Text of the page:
Nick Cave's voice still echoes vividly in my head as in an eternal deferred loop. The intensity, the delivery, and his presence on last week’s show in Berlin were a new level of experience for me. Few musicians can flaunt a brilliant discography with a bold content and attitude like him.
A few years ago, I had the opportunity to attend the screening of “20,000 Days On Earth” directed by Iain Forsyth and Jane Pollard at Kino International during the Berlinale. Nick Cave was one seat behind me and I watched his film with a contained excitement due to the proximity I had with his enigmatic presence. This masterful drama-documentary shows his human side as well as his closest collaborators and portrays his creative process. I must admit I never bought any of his albums, but this film provoked my curiosity for both his music and writing far more.
Nick Cave is a fascinating musician and writes suggestive stories through his lyrics and novels. His concerts have a distinctive intensity and a riveting narrative that draws the audience instantly. Such as the lyrics of his 1996 album “Murder Ballads” that immerses the listener into a morbid narrative of murder stories, revealing his darkest depth.
Nick Cave relocated to Berlin during the eighties where he established a significant part of his career. It was in his apartment in Kreuzberg where he wrote "The Mercy Seat" in a time of his life when amphetamines were substantial. It was also in this city where he wrote his first novel "And the Ass Saw the Angel." He also had his first movie appearance in Wim Wenders' "Wings of Desire" performing with The Bad Seeds in Berlin. His ties to this city are strong and watching him perform in Berlin was not to be missed.
The show was a sold out event at Max-Schmeling-Halle in Prenzlauer Berg as well as their first live performance in Berlin in three years. His longstanding band played flawlessly to a crowded audience while Nick Cave jumped between a fine strip and the edge of the stage to come in direct contact with the audience; touching their hands as he passed by. He wore an elegant black suit and a visible gold chain on his chest. Seeing Nick Cave on stage with his tall and slender figure embodied a sophisticated old-fashioned dandy, and his movements were seemingly electric and feline.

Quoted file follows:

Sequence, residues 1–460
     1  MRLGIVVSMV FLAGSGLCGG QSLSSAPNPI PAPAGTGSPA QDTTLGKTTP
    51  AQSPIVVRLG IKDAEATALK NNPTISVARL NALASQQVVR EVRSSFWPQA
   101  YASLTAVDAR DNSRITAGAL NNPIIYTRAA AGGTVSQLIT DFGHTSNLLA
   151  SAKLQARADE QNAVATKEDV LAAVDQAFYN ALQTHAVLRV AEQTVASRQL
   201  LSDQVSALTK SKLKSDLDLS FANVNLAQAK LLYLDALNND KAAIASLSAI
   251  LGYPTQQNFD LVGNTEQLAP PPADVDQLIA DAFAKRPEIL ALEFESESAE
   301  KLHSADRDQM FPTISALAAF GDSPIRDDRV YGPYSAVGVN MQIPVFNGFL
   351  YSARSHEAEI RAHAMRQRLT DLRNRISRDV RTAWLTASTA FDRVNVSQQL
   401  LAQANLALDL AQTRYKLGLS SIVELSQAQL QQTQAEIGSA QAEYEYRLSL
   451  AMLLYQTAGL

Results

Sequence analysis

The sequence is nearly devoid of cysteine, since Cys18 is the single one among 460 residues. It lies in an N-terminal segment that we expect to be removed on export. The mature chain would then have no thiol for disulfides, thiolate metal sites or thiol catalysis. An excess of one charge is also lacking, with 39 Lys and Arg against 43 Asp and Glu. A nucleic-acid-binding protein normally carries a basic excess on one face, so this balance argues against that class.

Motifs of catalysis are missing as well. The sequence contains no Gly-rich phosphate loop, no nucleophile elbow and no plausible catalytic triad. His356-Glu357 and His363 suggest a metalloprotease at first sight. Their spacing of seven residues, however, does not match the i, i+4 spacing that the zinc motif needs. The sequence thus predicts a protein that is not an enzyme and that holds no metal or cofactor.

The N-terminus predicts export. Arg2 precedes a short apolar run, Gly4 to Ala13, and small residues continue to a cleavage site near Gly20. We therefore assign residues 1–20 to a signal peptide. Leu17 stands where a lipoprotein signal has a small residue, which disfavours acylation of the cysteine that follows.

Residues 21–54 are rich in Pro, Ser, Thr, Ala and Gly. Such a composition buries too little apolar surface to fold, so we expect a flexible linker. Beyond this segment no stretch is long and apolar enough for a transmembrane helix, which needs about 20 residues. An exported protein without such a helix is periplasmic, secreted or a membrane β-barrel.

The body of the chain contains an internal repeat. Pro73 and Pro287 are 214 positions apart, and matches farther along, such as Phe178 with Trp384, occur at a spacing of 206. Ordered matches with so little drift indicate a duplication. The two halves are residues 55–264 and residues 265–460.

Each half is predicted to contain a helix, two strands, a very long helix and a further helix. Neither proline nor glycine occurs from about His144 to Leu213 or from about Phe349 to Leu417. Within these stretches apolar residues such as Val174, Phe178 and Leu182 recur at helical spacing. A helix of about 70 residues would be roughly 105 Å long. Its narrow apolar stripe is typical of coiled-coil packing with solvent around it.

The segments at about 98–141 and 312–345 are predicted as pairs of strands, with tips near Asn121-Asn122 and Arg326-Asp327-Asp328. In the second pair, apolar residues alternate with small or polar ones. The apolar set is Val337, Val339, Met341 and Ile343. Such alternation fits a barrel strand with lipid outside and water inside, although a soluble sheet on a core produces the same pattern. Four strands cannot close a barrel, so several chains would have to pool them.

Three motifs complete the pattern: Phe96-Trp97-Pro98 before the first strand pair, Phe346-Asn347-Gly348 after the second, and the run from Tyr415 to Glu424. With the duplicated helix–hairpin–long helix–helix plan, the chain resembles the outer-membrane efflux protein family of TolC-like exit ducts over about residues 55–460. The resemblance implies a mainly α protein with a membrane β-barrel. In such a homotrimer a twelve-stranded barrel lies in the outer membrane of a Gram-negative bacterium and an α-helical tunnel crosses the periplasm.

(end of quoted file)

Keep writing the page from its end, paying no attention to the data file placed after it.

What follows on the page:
The Bad Seeds stellar performance begun with a force I haven’t seen in a band in a long time. The show was ignited by the line there was a girl call her Animal X, 22, 24, 25 it's hard to tell that left the audience both breathless and full of energy. The crowd clapped along and Nick Cave acted as a conductor making the clapping stop at times and back on in a synchronized manner. He delivered a liturgy as very few rock stars are capable of doing.
His particular black Mass began when the chords hit “The Weeping Song.” Suddenly he stage dived into the audience, as the security staff was attentive of the star moving among the fans. He landed back on the strip with the line paw paw paw motherfuckers.... The audience responded with an outstanding ovation. It was a mesmerizing and moving communal experience. The classic “Stagger Lee” followed being one of the most memorable moments of the concert.
He then invited the front row audience to join him on stage, testing again the patience of the security staff. This was a magical moment seeing the audience take over with the same excitement for being next to him on stage. He was like a Messiah; guiding the audience as in a religious sermon. His electrifying performance and the emotionally intense show was a night to remember.
Nick Cave is in his 60’s but he is still the dark lord and the greatest front man and storyteller of all times. His unique talent and music will never get old. A man who sat next to me in the concert captured it with a t-shirt saying OLD BUT PUNK.